The record number of violent tornadoes that tore through Alabama at the end of April killed hundreds and destroyed millions of dollars worth of property. So it's not a surprise that those communities hit hard by the storms, like Tuscaloosa, Ala., are still rebuilding. Takeaway news writer David Ingram, a longtime Alabama resident, reports on the state's efforts at picking up the pieces.
At least 194 people across the southern United States are dead after tornadoes and storms ripped across the region. An estimated mile-wide tornado struck the town of Tuscaloosa, Ala. At least 128 people were reported killed by storms in Alabama alone, with 32 in Mississippi, 11 in Georgia and 1 in Tennessee and Virginia. Katelyn Ingram, a sophomore at the University of Alabama, tells us about her experience with the storm. Harold Brooks, research meteorologist at the National Severe Storms Laboratory shares his expertise, and Takeaway news writer David Ingram, a Birmingham native, weighs in.
Tim Pawlenty. Who? Exactly.
That was the response of most Americans when Tim Pawlenty, the former Minnesota governor with a “red-hot smoking wife,” became the first Republican to enter the 2012 presidential race. However, some say this fisherman from Main Street is too prepared for this election. He wanted to be a dentist, but he’ll settle for president.
A forthcoming piece in Rolling Stone magazine has sent shock waves around the world this morning as General Stanley McChrystal, the U.S.'s top commander in Afghanistan, has been summoned to Washington to answer for quotes he gave to journalist Michael Hastings. In the article, McChrystal is quoted as disparaging Obama administration officials, mocking Vice President Biden, and denouncing retired General Karl Eikenberry, the U.S. ambassador to Afghanistan.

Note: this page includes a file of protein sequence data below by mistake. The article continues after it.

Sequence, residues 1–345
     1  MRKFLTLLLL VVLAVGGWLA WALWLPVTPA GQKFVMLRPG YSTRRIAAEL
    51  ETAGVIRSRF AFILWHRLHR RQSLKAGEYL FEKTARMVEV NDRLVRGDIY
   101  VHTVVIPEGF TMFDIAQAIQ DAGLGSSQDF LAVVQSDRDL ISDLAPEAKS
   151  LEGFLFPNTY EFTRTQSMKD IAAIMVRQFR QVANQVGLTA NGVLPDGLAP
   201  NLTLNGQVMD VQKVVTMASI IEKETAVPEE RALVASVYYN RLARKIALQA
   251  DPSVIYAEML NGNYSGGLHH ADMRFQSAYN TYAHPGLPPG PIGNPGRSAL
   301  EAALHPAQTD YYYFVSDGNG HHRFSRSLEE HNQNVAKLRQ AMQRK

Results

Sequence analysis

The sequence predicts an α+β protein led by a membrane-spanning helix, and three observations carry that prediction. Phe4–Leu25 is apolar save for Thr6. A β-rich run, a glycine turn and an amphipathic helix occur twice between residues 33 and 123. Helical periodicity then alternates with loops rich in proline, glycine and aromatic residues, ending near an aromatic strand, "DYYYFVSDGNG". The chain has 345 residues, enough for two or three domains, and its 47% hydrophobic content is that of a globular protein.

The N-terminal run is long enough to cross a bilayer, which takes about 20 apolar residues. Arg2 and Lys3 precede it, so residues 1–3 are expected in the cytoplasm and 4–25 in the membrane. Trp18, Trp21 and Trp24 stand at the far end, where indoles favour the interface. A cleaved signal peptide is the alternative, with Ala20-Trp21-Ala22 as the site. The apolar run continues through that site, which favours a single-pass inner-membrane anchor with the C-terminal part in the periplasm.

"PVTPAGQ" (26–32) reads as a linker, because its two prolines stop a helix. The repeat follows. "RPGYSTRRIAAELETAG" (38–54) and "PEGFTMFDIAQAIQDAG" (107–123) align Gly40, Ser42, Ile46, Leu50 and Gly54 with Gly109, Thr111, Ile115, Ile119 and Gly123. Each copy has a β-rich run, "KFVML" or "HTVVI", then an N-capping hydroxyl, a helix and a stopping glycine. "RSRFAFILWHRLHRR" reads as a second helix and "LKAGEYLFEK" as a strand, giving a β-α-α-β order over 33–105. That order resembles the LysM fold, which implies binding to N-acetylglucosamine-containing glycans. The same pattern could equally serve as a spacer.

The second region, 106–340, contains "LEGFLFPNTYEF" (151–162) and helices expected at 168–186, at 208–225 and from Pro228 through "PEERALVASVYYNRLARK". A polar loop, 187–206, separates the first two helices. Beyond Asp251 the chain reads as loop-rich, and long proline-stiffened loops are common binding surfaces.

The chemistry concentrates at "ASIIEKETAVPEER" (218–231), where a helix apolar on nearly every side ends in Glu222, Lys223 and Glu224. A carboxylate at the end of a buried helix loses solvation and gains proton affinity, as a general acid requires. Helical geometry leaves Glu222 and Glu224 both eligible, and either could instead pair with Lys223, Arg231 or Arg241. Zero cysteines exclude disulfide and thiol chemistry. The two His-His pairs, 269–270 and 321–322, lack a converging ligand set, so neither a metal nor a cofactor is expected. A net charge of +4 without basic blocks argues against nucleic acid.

In Hastings' profile, as reported by the AFP, McChrystal asks, "Who's that?" at the mention of Biden's name. Another adviser jests, "Biden? Did you say bite me?"
News of oil hitting the Alabama coastline has local residents worried about its effects on their community. Some state politicians, including Mississippi Governor Haley Barbour and Alabama Governor Bob Riley, believe the media is exaggerating what is actually happening on the coastlines, causing residents to worry and hurting business unnecessarily. Not everyone agrees: Tim Kant, mayor of Fairhope, Ala., says "the media is frustrated and has every right to be frustrated. We rely on the press and this is the time when the press needs everything at their fingertips to report on the situation. The outlets are not getting the information they need."
BP’s legal woes are mounting as oil continues to spill into the Gulf of Mexico. Attorney General Eric Holder announced yesterday that federal authorities will open both civil and criminal inquiries into the Gulf Oil spill.
Oil has now been gushing into the Gulf of Mexico for 36 days. BP has taken full responsibility for plugging the leak and cleaning up the water and shores, but some are now saying that after a month of attempts, their time at bat is up, and the federal government should take over operations. According to the Oil Pollution Act of 1990, the government can federalize the spill and run the cleanup operation, billing BP for the total cost. However, this remedy is meant to be used as a last resort.